Sometimes, people come to me and say they want to sue for constructive discharge. There's no such cause of action or claim. Constructive discharge is where an employee quits work for good cause. This means some claims that you were illegally fired (worker's compensation retaliation, retaliation for complaining about discrimination, whistleblower retaliation, adverse action discrimination claims, to name a few) are still allowed if you're constructively discharged. If you would have a case against your employer had they fired you under the same circumstances, then you will also probably have a case against them if a court finds you were constructively discharged.Most courts are reluctant to find an employee was constructively discharged. The standard is usually that no reasonable employee would have tolerated the conditions of employment. For instance, I've seen sexual harassment cases as extreme as rape that weren't found to have been so intolerable that the circumstances constituted constructive discharge by the employer.For unemployment purposes, if the company cuts your pay, changes your job duties in a major way, changes your shift, transfers you to a new location, that may be enough to be deemed cause attributable to the employer. But you'd better be sure before you quit if you want to make sure you'll qualify for unemployment. Sometimes the unemployment office will have a website or have someone you can call to get information. Otherwise, you'll probably want to be sure of your rights before you quit.Donna's tips:a. If your working conditions are intolerable, for heaven's sake look for another job. Try not to quit until you have another job lined up. It's easier to get a job when you have a job.b. If working conditions are intolerable due to discrimination, sexual harassment, failure to pay wages, or something protected by law, complain to HR in writing before you quit and give the company a chance to correct the situation.c. If the work situation is dangerous (rape, assault, unsafe conditions), then get the heck out of there. No lawsuit or potential suit is worth your safety.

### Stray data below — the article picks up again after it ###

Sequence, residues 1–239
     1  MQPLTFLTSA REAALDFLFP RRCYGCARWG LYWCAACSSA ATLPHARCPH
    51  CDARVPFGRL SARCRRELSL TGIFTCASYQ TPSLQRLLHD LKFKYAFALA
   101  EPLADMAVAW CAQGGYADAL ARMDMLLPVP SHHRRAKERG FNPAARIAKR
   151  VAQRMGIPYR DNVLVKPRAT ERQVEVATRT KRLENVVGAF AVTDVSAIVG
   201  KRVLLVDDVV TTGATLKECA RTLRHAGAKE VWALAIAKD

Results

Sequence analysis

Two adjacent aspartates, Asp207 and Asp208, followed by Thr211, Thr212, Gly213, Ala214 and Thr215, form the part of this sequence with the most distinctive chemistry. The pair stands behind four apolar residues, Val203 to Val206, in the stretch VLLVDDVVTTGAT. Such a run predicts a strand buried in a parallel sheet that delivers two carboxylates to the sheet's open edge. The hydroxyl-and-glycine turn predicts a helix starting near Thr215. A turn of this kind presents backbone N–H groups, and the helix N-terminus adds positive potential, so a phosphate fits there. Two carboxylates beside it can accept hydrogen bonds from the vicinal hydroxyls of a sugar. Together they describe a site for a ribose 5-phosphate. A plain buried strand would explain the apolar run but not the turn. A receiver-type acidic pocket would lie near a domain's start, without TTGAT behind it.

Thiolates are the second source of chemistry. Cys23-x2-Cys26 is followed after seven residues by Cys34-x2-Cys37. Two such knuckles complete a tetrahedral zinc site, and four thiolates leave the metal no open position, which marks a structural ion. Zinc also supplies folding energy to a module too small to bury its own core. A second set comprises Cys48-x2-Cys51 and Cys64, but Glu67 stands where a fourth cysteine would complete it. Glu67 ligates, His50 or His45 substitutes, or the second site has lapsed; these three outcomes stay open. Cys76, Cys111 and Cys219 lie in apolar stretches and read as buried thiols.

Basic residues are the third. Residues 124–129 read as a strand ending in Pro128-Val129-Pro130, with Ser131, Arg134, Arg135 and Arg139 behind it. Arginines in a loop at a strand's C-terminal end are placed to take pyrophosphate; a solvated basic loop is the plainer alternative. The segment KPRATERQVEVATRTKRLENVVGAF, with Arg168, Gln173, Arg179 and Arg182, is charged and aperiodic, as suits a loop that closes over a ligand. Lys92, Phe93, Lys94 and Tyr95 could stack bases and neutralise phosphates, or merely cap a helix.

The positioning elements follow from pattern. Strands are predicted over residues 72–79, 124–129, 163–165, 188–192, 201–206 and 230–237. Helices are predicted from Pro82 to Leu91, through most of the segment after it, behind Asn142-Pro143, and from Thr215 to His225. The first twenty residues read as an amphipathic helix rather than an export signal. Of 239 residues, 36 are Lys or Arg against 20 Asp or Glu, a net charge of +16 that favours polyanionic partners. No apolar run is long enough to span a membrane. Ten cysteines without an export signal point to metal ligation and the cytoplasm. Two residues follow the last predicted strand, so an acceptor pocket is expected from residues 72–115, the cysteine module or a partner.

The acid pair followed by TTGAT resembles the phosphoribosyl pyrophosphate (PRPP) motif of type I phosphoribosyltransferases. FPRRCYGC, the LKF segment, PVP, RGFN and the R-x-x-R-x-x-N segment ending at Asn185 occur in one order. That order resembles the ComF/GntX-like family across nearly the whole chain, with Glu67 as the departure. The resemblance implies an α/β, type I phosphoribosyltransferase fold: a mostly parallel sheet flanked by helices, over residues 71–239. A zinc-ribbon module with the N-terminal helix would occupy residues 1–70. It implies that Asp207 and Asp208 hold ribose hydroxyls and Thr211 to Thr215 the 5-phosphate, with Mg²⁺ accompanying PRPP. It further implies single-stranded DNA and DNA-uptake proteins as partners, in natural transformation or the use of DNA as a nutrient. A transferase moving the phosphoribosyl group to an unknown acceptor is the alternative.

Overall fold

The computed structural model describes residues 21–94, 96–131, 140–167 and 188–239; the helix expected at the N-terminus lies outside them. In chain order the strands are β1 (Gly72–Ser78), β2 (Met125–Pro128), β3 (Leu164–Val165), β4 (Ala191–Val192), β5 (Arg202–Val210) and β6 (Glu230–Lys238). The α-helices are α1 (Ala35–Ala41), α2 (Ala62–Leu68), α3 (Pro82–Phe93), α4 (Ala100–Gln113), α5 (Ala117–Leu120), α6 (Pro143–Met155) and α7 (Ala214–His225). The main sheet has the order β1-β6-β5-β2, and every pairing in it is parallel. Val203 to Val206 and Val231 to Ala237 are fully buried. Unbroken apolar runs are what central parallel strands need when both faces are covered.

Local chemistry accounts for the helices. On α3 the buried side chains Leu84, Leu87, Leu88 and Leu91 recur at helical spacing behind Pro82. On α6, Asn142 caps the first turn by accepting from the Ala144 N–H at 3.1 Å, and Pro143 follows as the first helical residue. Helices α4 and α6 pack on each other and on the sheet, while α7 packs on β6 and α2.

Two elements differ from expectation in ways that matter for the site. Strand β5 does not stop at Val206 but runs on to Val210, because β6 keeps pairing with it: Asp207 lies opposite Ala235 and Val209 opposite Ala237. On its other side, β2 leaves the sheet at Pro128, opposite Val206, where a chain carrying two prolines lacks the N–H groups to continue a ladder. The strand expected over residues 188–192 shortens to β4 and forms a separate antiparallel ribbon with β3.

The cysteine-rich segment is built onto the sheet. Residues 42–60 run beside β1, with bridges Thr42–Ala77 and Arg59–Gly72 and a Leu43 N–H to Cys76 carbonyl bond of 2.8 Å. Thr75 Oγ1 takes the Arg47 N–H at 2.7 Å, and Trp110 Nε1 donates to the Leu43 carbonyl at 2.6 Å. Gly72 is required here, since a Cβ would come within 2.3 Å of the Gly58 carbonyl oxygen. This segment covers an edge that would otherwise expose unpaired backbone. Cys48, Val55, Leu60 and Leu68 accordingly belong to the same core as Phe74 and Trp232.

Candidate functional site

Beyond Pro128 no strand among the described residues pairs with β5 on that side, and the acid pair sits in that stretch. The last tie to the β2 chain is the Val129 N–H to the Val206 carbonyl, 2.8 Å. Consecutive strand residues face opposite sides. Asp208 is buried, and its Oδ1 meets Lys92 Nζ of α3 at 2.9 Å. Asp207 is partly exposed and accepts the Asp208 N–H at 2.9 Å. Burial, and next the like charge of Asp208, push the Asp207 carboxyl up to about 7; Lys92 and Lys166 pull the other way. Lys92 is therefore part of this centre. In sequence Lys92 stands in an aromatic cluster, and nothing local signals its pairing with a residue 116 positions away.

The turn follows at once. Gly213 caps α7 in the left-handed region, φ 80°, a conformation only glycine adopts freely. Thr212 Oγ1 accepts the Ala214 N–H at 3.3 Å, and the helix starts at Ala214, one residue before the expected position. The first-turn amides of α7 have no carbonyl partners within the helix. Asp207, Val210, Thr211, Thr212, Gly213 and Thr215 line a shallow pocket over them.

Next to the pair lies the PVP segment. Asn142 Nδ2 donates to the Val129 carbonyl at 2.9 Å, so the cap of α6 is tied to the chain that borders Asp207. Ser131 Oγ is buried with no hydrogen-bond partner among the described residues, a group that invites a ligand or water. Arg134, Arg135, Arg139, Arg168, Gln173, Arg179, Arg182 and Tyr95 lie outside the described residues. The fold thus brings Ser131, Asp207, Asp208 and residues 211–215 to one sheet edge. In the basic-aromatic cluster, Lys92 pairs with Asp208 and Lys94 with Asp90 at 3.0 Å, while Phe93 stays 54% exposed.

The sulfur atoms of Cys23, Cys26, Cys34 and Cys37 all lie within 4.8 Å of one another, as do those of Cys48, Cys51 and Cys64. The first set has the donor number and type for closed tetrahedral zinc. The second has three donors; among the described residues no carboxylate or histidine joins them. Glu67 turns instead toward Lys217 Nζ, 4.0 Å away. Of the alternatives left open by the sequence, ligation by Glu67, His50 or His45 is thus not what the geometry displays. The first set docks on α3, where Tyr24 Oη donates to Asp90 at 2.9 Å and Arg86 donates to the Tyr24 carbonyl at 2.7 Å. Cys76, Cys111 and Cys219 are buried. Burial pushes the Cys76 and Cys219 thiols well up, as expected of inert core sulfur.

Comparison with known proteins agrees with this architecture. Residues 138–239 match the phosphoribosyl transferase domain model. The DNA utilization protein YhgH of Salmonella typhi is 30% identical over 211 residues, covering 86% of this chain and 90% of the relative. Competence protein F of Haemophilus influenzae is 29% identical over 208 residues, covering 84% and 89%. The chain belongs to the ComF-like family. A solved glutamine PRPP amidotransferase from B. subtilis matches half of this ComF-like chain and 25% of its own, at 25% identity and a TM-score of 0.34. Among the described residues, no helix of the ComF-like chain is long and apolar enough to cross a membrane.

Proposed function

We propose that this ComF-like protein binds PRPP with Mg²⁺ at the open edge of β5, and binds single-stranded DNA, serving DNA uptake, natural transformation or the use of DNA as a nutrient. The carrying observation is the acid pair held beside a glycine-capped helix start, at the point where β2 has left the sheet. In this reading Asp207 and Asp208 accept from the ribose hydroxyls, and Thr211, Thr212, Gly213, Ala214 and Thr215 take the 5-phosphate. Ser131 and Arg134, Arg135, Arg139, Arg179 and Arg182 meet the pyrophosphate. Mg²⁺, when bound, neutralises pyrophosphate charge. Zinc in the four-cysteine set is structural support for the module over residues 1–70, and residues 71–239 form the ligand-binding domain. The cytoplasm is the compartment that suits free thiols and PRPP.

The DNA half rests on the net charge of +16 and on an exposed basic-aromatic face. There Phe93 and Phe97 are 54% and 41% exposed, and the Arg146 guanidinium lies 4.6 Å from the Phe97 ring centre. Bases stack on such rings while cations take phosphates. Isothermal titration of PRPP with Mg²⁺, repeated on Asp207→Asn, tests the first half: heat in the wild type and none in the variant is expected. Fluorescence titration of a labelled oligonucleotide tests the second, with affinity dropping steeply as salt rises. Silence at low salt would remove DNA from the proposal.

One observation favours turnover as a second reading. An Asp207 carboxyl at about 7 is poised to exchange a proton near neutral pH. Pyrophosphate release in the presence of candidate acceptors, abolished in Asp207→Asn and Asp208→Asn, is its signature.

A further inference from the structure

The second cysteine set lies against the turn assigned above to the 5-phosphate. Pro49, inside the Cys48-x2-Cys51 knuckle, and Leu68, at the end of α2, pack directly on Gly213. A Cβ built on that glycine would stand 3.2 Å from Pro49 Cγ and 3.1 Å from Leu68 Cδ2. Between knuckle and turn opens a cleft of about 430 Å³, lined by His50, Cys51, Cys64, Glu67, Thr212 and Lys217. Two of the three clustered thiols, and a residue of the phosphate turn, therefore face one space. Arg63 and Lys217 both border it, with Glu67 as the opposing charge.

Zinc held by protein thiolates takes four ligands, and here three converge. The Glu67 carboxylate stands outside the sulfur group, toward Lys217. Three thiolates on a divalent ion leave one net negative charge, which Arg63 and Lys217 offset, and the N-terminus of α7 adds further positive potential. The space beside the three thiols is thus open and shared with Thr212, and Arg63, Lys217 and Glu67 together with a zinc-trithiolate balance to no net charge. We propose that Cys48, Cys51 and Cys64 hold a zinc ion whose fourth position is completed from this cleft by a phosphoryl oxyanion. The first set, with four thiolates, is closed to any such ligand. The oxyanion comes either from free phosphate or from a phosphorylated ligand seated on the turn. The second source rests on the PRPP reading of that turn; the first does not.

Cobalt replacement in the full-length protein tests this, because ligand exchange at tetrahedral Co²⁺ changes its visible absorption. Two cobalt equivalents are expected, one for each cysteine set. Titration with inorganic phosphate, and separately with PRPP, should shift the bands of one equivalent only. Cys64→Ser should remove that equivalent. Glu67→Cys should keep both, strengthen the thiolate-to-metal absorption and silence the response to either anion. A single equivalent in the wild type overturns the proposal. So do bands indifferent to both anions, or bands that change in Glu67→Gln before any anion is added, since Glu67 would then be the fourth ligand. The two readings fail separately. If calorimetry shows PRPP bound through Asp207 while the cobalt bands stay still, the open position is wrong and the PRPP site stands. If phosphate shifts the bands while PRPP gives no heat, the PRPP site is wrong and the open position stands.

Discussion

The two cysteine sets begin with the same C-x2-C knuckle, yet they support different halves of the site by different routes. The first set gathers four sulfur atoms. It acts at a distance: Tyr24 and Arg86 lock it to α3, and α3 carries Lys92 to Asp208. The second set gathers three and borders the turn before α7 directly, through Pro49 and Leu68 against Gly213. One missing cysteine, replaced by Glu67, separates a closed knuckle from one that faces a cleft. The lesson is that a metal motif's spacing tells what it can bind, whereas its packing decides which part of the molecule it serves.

See more employment law posts on Donna Ballman's blog, Screw You Guys, I'm Going Home. Donna Ballman is the award-winning author of The Writer's Guide to the Courtroom: Let's Quill All the Lawyers, a book geared toward informing novelists and screenwriters about the ins and outs of the civil justice system. She's been practicing employment law, including negotiating severance agreements and litigating discrimination, sexual harassment, noncompete agreements, and employment law issues in Florida since 1986. Follow this link to view her full bio.
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